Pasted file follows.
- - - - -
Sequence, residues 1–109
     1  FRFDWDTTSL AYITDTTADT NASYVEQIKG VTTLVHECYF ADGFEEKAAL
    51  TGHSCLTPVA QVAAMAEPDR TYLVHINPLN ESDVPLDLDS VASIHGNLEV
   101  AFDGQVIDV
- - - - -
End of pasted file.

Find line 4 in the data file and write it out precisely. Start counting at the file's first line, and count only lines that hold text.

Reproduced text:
   101  AFDGQVIDV